And while my sister and I may share the same last name, same sense of humor and same freckled cheeks, our stories couldn’t be any more different.
I never realized how worry-free my life experiences were until I witnessed what my younger sister went through. For whatever reason, everything was just more difficult for her from the moment she was born (when I was 5). Breathing, something I’d never even thought about as a kid, was made nearly impossible for her by a tumor in her airway — before her first birthday. Eyesight was just a natural given for me; my sister had to be fitted for glasses and an eye patch before she was old enough to read. I welcomed any and all attention; as a child, she was painfully shy — a fact immortalized for all time by a Don Pablo’s souvenir Polaroid from her birthday (she was 6 or 7, I believe) in which she is buried under my mother’s shirt in terror as I cheese it up for the camera, wearing her would-be birthday sombrero.
As she grew older, her difficulties shifted from visible, tangible issues to more confusing internal ones. If you have a cataract, you get glasses and train your eye with adorably patterned eye patches. Mental health problems are more complicated, especially for a growing, changing adolescent.
My parents were careful to give us equal attention and love, but she required more effort. Any problem I was having with friends or growing up couldn’t compare to what she was going through — in my eyes. Any success she met deserved unwavering and totally- deserved congratulations.
And while I can honestly say I have a totally supportive family, a small part of me felt like my success was just expected.
Naturally, I’m going to graduate college. Of course I got that job. Her smaller victories require larger fanfare in order to bolster her confidence and promote continued growth; her challenges rock the entire family.
You often hear of people who lament living in a successful sibling’s shadow or those who struggle to set themselves apart from a family name/reputation. But siblings and families of those with physical, emotional or mental health hardships face a silent kind of struggle of their own. Having one person’s problems dictate a whole family’s dynamics can be exhausting. But at the same time, how could I possibly complain when I am the healthy one, when some things just naturally come much easier for me than for my sister?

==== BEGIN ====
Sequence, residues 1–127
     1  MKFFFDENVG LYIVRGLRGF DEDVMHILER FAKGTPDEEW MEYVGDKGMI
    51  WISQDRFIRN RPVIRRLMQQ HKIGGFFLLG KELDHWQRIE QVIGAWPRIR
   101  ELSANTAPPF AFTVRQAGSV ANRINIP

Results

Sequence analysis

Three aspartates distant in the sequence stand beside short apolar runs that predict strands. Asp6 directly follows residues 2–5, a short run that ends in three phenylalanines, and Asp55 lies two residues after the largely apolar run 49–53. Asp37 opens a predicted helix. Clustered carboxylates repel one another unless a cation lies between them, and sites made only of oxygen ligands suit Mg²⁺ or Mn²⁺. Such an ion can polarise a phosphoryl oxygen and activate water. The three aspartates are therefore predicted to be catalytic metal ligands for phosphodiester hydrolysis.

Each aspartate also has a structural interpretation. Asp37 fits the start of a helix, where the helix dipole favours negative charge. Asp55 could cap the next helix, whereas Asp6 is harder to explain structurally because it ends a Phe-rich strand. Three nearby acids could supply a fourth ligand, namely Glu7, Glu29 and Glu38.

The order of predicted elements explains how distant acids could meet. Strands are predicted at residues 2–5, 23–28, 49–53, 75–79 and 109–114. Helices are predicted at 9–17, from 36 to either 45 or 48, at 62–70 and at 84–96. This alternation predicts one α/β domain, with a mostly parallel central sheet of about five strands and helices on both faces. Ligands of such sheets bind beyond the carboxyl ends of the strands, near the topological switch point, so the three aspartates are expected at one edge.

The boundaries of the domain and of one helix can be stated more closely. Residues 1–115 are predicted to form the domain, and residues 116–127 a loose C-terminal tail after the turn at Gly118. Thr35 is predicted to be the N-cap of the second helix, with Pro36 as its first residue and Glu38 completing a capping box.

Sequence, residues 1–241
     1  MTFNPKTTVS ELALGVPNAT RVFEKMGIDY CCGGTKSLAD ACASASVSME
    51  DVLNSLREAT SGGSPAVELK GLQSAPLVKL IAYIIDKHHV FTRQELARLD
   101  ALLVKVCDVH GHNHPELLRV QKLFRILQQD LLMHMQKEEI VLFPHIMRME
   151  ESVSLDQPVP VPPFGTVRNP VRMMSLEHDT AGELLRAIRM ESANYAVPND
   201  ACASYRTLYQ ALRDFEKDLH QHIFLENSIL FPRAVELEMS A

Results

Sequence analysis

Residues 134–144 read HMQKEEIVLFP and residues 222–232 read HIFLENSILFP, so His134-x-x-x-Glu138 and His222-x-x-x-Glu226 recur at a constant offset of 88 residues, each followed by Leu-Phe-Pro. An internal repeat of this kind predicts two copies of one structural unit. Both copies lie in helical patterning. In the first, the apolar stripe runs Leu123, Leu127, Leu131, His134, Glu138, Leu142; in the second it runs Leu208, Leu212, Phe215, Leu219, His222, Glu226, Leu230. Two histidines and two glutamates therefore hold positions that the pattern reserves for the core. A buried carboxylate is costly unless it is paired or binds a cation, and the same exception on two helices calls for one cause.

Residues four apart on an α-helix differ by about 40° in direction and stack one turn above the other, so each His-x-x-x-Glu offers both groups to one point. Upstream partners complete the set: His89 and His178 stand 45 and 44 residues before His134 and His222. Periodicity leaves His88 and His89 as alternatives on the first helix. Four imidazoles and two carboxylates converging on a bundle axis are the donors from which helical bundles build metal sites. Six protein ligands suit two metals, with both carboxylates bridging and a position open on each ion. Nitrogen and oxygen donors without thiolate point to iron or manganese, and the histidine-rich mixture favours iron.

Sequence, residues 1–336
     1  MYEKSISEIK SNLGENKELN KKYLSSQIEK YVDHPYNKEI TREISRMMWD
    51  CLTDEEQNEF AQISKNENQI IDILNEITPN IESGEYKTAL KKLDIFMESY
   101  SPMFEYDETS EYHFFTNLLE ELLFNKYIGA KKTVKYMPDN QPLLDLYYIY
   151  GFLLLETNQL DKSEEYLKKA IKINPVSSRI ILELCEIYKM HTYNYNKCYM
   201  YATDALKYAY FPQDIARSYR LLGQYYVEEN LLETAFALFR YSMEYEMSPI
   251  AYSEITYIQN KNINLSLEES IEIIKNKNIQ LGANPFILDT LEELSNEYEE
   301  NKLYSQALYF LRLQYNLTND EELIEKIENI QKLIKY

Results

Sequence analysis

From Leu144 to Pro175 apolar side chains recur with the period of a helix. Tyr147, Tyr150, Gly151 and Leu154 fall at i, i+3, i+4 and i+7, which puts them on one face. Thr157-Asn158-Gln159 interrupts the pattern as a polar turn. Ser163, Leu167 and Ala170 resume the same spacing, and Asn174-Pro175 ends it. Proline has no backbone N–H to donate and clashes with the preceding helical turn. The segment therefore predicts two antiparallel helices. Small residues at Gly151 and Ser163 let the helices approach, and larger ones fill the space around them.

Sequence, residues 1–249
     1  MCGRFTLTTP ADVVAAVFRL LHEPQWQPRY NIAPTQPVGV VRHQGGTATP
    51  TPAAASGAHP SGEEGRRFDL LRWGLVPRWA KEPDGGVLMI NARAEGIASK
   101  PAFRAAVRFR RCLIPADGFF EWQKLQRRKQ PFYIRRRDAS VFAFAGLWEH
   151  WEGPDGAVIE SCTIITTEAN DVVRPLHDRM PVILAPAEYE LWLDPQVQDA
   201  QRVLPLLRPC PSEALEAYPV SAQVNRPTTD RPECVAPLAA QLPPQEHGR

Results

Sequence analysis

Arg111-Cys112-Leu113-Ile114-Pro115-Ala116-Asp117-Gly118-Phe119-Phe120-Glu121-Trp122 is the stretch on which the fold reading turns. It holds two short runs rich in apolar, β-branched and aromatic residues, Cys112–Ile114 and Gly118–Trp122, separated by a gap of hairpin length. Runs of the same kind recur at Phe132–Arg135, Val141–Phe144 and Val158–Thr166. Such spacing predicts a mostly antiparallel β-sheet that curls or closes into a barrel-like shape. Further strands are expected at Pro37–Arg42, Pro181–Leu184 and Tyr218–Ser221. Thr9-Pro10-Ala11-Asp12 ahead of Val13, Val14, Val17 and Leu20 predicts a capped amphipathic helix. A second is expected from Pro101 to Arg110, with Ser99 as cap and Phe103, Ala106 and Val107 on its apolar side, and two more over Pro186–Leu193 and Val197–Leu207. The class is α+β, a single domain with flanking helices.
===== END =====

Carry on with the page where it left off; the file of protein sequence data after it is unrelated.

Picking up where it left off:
It has to be so defeating to navigate a mental illness that makes school, work and relationships even more difficult than they already are for the average person.
Sure, growing up with someone who suffers from mental issues may have conditioned me to hold onto my own problems or anxieties, although that’s more of just who I am than a result of dealing with her illnesses. The real challenge is to remain patient, when, at times, there is nothing I can do or say to make her better. At the root of this struggle — for myself, at least — is this frustrating question: Why did I have it so much easier when we both received the same upbringings in terms of nature and nurture?
As diagnoses, prescriptions and coping mechanisms change, that question remains. But just as illnesses often become more manageable over time, with experience, medication and therapy, so does dealing with another person’s disorder.
You figure out what works, what to let slide and when to speak up. You determine when her problems need attention and when you need to speak up for yourself.
Sometimes being the “easy” kid is tough. But when you see things for the “difficult” child start to click, finally finding a niche and thriving, it’s so worth the struggles.
While our personal challenges have been incomparable, we take turns at being “the other sister” — she may feel disappointed for not following in my big sisterly footsteps; I may feel alienated from a family so concerned with one member.
But it’s all about balance — taking turns wearing that proverbial Don Pablo’s sombrero.
As mental illnesses come into the national spotlight and gradually become de-stigmatized, I hope that, along with help for those who suffer, there is more support for the families of those afflicted.
CONTACT JAC KERN: firstname.lastname@example.org